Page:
“Helau” and “Alaaf” – Carnival in Rhineland

Last week “Fasnacht” in Berne took place. At first I thought it resembled Carnival and prepared myself for the worst, but it was different. But instead, it was more joyful and quieter than I would have ever imagined. You might wonder why the image in my mind was that negative. It’s because I saw Carnival in Rhineland and was quite shocked by human behaviour.

When I entered the city at the very first day of Düsseldorf Street-Carnival last year it looked like hell had been set loose. Drunk people in messed-up costumes staggering around the old town, empty bottles as well as passed out drunkards lying on the floor. In short: noise and chaos everywhere. The atmosphere was neither festive nor relaxed, but had a sense of alcohol induced tension. Honestly speaking, I was shocked and disappointed at the same time. Since I am not originally from that part of Germany I only knew this Carnival by hearsay. Thus, I imagined Carnival in Rhineland as being a nice celebration with many people participating in it who dress up in homemade costumes. And I only imagined a few people getting dead drunk. But instead I just witnessed the complete opposite. It looked as if the whole city decided to get together at broad daylight in order to compare who can drink the most (dressed in random skimpy costumes).

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via Flickr

You have to know that Carnival in Rhineland is quite as popular in Germany as the Oktoberfest in Munich. It is a tradition in which locals are taking a pride in. It originally was supposed to be a celebration mainly linked to religious beliefs. People would revel a few weeks before the fasting period which was meant to be a quieter time that went along with a reduction of certain food and a focus on religion itself.

But why do I tell you this? Because unfortunately, the old tradition of Carnival is nowadays linked to this extreme consumption of alcohol. Don’t get me wrong: I am not religious and I don’t want to forbid anybody to celebrate (because I do it myself). I just think that Carnival went from a celebration with a certain background to an opportunity to consume a legal drug in massive amounts because it is being accepted in our society. Everybody is just drinking to get drunk. During the festive days of Carnival it seems like Rhineland stopped working. At “Weiberfastnacht” nearly all shops and offices are closing early because the employees celebrate (many even start drinking at work).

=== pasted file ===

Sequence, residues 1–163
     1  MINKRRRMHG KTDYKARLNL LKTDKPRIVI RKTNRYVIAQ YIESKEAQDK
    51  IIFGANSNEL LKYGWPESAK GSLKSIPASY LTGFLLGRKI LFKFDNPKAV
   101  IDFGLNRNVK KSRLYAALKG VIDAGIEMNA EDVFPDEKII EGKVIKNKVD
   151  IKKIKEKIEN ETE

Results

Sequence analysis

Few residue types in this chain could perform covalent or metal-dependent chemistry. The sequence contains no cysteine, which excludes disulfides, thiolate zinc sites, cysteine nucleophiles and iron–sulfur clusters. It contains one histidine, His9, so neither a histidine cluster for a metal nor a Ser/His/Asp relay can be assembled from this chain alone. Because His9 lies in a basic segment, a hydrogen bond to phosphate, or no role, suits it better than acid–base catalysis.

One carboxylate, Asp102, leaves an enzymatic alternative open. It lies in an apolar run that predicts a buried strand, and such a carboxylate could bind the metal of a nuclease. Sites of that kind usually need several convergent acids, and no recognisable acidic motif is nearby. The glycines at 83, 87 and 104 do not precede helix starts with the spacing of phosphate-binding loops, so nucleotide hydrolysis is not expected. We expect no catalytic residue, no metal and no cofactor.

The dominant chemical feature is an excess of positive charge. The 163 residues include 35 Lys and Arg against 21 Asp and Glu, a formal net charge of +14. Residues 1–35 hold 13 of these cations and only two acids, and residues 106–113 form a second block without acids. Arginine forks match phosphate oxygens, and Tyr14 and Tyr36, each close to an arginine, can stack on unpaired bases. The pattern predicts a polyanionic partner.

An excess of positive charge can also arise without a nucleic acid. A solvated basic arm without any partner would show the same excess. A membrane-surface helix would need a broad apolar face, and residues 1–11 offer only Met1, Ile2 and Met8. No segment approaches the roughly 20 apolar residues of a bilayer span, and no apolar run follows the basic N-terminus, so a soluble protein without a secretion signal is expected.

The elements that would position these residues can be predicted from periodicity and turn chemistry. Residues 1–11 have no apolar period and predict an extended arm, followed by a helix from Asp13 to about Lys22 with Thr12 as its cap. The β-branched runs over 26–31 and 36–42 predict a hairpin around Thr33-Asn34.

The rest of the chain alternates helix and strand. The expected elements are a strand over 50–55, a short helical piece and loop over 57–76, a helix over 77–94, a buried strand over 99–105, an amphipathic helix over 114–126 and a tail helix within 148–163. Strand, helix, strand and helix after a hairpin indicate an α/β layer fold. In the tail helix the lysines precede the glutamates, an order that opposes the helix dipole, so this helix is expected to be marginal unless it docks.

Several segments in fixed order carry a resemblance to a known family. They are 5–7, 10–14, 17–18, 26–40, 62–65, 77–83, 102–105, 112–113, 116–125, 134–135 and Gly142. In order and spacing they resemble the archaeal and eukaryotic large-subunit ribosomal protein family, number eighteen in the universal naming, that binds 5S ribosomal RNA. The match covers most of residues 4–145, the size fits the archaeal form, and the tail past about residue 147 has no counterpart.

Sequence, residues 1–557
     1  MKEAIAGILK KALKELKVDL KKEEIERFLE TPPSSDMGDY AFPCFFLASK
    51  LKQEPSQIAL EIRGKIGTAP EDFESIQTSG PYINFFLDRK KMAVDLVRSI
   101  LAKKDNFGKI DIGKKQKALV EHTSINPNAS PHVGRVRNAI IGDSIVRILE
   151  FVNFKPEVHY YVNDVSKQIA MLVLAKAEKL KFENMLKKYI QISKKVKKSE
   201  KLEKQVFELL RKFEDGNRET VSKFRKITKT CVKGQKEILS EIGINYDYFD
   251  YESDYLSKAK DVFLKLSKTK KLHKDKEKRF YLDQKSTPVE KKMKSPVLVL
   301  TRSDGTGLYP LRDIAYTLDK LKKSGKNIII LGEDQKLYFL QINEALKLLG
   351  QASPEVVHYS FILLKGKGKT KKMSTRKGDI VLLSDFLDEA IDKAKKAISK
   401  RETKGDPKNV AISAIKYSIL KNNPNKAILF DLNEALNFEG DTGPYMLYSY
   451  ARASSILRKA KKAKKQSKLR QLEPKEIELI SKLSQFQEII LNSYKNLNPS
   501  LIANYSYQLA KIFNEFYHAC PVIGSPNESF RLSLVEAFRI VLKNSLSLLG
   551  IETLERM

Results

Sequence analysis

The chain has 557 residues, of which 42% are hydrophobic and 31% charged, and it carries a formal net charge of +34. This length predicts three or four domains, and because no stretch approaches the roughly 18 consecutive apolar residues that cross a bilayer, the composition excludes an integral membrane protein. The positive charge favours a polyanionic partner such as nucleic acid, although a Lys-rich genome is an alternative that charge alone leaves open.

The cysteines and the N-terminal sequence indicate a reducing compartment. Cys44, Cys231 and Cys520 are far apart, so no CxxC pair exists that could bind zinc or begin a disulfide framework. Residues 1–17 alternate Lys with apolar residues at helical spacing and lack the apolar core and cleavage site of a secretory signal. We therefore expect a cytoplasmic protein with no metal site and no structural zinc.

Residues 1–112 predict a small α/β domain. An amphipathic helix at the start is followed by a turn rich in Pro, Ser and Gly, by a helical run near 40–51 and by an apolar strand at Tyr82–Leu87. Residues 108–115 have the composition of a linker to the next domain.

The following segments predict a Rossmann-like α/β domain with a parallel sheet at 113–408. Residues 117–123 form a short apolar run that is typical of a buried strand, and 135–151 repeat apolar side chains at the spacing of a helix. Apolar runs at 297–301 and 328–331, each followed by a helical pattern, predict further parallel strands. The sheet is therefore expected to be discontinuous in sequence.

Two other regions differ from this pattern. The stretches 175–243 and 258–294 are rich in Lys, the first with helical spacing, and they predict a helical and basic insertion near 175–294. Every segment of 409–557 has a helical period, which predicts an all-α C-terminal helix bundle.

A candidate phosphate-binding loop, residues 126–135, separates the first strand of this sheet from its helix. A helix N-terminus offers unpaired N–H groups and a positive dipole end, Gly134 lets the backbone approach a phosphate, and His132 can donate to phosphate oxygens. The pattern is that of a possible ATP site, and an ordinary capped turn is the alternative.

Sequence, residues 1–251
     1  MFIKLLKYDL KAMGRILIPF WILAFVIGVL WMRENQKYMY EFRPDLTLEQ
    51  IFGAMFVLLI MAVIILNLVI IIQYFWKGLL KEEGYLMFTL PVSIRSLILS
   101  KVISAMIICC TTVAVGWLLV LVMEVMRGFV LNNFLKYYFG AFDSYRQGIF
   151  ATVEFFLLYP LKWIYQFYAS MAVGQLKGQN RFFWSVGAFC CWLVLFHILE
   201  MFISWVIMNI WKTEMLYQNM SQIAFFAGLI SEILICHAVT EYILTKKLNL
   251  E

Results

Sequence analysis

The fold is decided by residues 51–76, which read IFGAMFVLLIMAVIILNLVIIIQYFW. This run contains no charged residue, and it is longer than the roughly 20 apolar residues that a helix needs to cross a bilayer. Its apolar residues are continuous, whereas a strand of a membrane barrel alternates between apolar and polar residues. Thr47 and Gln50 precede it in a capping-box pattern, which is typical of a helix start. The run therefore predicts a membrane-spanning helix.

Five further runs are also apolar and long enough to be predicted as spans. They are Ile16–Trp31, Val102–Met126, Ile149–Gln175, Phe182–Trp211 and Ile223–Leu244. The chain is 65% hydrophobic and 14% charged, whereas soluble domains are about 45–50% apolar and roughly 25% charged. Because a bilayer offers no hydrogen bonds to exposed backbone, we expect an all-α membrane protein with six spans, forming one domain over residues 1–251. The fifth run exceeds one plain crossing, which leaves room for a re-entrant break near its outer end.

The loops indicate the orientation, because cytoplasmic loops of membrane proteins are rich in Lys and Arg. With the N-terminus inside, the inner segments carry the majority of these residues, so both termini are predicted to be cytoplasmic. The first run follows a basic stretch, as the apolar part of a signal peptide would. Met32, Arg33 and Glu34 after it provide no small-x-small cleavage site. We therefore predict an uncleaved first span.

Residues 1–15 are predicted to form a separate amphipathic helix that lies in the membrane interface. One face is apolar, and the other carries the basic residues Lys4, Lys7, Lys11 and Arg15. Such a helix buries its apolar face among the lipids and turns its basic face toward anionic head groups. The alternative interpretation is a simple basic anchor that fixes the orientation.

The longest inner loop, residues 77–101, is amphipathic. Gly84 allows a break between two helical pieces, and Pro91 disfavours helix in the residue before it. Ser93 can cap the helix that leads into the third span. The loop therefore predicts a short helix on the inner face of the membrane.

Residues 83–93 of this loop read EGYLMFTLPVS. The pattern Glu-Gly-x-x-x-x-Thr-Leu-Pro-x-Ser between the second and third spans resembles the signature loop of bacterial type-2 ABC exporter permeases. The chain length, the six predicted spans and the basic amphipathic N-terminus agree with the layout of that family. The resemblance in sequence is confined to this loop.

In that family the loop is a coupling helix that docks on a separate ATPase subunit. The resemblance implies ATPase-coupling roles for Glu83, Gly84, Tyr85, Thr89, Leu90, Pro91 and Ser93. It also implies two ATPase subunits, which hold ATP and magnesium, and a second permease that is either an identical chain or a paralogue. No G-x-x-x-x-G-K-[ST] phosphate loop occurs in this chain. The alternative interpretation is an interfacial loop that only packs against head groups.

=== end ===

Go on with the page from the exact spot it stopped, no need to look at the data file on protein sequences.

In Carnival you can observe all stages of intoxication on all age groups and there are always some people getting violent or destructive. In order to lower the human and material damage there is an increased number of ambulances and doctors positioned in the city to treat people with alcohol-poisoning or injuries. There is also an increased number of policemen around who take care of disputes. There is also a ban of glass bottles in the old town. You can tell by this arrangements that the city is aware of the problem but is not able to control it (or maybe doesn’t want to do).

Especially when I compared the the festivities in Berne to those in Düsseldorf I realized how different Carnival can turn out to be. I was quite surprised to see almost nobody drunk during Fasnacht (since I only know it that way). They can celebrate sober, so why is it not possible for Germans to control themselves a little in terms of alcohol? I think it is linked deep within society that people conceive it as a necessity to drink huge amounts of alcohol to have a “good” celebration. It is sad to admit that it seems like every celebration is turning into a huge drinking-game (regardless of its background and original meaning).

I am aware of the fact that Fasnacht in Berne originated in the 80s whereas the Rhinelandic tradition traces back hundrets of years but nevertheless this does not change my view on it. Even invented festivities could lead up to massive intoxications but it didn’t. Why is it even tradition to drink?

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